Aaron Signs, blogger possessed of great old pictures of mid-20th-century New York, has posted two photos of Elpine Drinks stores, one at 46th and Seventh (I think), above, and one on W. 50th Street, below.
Which is enough motivation for one to ask: What's Elpine Drinks?
According to a New York magazine article in June 1969, the stand at 46th served, "orange juice squeezed to order 24 hours a day every day of the year, 7 ounces for 35 cents, 10 ounces for 50 cents. You can sit down on a stool in the rear, but most patrons drink alfresco, standing on the sidewalk of Times Square."
According to the signs, the joints also served pure-beef hamburgers and grilled frankfurters. But "Elpine Fruit Drinks" seems to have been their calling card. Pineapple, papaya, coconut, etc. The inside signage reminds me very much of Gray's Papaya.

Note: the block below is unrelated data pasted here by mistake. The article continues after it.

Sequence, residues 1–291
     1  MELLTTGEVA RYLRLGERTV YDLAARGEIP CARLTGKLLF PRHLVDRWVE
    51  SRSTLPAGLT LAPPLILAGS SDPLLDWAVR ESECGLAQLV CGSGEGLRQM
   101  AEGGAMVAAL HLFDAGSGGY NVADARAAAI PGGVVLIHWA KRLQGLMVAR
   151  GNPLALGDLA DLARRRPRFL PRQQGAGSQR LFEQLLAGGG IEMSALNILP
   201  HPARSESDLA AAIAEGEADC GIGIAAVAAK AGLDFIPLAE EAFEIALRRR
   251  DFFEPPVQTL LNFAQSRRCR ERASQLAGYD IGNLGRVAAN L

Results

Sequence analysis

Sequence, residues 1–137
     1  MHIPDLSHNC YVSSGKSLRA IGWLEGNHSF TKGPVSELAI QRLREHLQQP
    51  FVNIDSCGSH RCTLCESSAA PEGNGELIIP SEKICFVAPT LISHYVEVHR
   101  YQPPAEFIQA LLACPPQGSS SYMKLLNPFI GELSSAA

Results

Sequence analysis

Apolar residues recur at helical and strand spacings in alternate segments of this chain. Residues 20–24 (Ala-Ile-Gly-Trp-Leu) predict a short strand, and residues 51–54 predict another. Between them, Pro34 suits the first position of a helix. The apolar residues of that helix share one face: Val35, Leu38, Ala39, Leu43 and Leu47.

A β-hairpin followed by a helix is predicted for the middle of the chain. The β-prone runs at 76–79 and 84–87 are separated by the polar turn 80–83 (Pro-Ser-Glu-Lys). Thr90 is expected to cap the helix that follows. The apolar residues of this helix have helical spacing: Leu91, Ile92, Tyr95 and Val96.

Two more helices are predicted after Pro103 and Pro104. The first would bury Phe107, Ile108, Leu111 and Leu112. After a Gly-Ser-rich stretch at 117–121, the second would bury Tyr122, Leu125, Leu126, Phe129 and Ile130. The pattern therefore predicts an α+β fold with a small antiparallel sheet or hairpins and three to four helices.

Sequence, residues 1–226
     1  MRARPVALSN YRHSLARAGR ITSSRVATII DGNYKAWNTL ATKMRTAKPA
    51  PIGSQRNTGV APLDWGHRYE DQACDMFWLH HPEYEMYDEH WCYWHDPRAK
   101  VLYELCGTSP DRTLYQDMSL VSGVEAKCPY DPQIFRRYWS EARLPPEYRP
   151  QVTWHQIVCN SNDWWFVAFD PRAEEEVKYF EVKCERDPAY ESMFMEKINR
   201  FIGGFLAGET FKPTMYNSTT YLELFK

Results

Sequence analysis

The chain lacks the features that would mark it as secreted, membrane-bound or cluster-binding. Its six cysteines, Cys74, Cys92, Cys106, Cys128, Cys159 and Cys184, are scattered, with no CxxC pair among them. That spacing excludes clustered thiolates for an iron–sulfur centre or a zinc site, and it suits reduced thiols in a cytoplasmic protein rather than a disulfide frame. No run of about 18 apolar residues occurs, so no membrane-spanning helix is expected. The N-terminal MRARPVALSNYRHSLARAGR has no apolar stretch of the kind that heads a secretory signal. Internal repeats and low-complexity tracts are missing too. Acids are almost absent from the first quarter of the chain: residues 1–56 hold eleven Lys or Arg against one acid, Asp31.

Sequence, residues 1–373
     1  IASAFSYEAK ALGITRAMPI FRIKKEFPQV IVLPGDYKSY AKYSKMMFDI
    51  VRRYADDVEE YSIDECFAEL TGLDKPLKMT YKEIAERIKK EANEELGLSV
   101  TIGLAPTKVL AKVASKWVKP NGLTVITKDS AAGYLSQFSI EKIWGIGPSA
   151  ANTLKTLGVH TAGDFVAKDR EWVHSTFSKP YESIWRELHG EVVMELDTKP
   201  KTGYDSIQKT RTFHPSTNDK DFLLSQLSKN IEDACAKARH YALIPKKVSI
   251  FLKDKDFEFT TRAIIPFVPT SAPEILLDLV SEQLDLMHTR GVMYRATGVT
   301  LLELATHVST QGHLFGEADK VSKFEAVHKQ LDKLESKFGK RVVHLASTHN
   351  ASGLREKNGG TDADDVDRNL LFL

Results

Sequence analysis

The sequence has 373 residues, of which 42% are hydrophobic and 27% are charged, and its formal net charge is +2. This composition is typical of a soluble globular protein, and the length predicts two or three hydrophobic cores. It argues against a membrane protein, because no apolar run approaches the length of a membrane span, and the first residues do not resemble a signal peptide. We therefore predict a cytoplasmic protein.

A reader who remembers the place on 46th writes "I can still see the plastic cone cup holders that held the wax paper cups filled with pulpy juice."
I can not be sure, but, judging by the picture, and my memories of the movie, I think the 46th Street stand was used in the opening scene of "The Sweet Smell of Success," where Tony Curtis as press agent Sidney Falco scans J.J. Hunsecker's column at the counter before throwing it in the garbage in disgust. A 1956 New York Times item mentions the store was used in a shot for the film. I just looked at the film. A lot about the site matches the scene (the wall of glass doors, the location, the big "Frankfurter" signs on both sides), but some parts look different. It could be a matter of a revamp between when the film was shot and when this picture was taken.
There was an Elpine down on Nassau Street, too, opening up in the early '30s. The Broadway store was around at least until 1973, when it received a health code violation.